January 5, 2018
This season’s BirdSpotter contest is celebrating teachers and students who love birds. Throughout the contest, we will randomly select three teachers who use FeederWatch as a way to engage students with hands-on science. Winners receive goodies from the Cornell Lab and a gift card from our sponsor Wild Birds Unlimited.
Congratulations to our second winner, Seth Almekinder and his fifth grade class at Naples Elementary School in Naples, New York! Seth learned about Project FeederWatch as part of a New York State Department of Environmental Conservation (DEC) teacher institute hosted by the Reinstein Woods Environmental Education Center.
Seth’s classes are filled with fun outdoor education activities and place-based learning, so adding FeederWatch was a natural fit. Seth shared, “Project FeederWatch is a great integrated and ongoing activity that allows multiple levels of engagement for students of differing abilities and interests. I like the citizen science aspect and having kids learn more about their local environment.”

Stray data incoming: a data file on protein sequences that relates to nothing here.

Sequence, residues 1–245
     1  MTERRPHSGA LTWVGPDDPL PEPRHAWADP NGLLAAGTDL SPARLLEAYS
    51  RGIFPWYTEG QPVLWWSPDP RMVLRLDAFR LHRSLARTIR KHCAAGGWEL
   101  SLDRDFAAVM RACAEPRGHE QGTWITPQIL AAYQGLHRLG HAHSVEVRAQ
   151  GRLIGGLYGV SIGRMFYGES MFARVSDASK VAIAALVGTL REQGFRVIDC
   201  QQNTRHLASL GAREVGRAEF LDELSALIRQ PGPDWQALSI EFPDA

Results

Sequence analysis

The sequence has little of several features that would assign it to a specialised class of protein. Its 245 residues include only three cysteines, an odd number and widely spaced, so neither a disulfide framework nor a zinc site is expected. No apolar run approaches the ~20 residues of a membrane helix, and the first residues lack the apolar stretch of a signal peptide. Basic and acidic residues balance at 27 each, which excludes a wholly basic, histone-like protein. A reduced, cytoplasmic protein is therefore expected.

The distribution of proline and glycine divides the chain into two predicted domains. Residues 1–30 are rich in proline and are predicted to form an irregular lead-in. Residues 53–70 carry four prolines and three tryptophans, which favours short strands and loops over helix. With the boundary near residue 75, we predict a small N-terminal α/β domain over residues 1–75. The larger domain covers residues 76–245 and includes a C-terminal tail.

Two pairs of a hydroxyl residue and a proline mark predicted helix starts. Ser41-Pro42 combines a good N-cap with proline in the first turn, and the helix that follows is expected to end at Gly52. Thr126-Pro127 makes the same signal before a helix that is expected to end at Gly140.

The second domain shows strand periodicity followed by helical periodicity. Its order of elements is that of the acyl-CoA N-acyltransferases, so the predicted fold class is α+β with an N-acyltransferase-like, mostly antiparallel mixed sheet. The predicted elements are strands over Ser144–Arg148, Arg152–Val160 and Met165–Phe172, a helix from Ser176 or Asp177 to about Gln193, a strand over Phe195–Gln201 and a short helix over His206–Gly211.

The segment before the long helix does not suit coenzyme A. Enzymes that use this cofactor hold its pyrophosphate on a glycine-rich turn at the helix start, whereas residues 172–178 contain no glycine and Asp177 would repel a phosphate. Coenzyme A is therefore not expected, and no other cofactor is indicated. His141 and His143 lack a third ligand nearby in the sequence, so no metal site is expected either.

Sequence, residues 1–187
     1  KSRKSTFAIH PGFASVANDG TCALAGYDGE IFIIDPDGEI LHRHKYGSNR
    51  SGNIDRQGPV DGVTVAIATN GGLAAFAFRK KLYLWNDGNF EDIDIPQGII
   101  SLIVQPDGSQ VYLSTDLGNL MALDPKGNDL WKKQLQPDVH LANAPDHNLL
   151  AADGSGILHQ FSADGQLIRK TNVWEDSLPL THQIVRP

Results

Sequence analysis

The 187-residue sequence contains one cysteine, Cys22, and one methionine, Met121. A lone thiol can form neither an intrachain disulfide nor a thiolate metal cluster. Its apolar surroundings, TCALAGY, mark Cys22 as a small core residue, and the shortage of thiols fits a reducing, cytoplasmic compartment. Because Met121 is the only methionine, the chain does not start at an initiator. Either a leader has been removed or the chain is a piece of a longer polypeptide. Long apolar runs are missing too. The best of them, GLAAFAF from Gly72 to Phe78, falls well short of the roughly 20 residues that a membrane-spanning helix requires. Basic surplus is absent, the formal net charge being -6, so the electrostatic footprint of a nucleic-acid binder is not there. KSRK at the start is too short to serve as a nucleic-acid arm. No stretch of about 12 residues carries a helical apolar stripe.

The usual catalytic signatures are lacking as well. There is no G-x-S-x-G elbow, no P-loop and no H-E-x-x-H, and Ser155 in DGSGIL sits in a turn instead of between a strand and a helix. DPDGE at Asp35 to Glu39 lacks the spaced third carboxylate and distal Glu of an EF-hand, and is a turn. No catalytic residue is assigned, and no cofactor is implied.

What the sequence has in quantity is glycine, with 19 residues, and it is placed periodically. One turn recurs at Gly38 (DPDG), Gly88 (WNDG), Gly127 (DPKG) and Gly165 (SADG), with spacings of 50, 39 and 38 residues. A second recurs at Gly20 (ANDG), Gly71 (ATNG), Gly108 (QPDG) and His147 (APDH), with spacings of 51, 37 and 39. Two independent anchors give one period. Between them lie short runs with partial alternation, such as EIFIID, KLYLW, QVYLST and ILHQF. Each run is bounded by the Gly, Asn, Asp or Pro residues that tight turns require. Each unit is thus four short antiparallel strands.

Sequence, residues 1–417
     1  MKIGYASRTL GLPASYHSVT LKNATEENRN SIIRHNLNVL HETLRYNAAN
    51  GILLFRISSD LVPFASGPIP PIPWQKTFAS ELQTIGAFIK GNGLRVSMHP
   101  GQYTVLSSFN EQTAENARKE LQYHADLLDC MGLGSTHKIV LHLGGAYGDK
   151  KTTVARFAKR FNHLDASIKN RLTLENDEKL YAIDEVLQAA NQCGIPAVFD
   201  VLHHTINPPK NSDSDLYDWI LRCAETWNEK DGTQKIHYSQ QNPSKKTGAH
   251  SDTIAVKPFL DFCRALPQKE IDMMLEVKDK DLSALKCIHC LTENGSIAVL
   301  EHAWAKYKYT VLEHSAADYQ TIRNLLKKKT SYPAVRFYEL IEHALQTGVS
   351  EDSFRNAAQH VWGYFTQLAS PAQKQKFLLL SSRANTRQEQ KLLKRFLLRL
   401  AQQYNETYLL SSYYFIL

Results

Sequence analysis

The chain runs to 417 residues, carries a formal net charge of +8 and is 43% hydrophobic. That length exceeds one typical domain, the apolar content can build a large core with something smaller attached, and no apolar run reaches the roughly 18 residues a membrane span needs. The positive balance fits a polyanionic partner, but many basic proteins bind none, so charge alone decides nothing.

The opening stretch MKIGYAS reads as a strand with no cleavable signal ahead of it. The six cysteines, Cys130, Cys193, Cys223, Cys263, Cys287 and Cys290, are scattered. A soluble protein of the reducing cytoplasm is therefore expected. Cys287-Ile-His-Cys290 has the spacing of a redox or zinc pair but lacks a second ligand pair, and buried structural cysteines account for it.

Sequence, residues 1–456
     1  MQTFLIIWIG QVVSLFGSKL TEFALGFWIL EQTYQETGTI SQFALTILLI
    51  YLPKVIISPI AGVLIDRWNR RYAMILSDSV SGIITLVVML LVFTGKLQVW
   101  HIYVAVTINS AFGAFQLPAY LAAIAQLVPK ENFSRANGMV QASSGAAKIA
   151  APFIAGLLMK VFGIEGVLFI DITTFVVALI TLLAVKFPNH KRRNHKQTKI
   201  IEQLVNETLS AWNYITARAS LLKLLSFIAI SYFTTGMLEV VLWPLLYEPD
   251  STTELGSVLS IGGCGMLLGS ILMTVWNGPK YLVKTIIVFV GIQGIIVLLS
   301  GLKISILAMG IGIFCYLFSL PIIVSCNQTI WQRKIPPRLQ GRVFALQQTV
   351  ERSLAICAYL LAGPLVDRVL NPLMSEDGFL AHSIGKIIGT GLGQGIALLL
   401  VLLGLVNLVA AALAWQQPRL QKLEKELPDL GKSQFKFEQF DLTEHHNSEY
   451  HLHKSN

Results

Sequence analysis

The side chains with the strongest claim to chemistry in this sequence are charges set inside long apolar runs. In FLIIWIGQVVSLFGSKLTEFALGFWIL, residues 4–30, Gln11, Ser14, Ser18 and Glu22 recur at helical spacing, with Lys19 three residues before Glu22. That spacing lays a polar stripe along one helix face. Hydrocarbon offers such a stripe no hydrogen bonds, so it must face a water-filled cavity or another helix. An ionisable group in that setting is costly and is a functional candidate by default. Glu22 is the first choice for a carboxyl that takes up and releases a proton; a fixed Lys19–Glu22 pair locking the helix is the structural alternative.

To familiarize students with feeder birds, Seth teaches field marks and bird identification. Students select a bird to research and become an expert on. Their bird unit also incorporates migration. “We do activities from the Flying Wild program,” Seth wrote. “We did a migration simulation game last year and set it up at school for other classes and at a local climate change event.”
A window feeder allows students to get up close with birds, while another set of feeders occupy the courtyard. Raised beds, bushes, and trees provide places for birds to perch and seek shelter. Students spend time both in the classroom and out in the courtyard (pictured above) observing birds. Students get excited to be outside doing “real science.” The most common feeder visitors include Blue Jays, Tufted Titmice, House Sparrows, and European Starlings.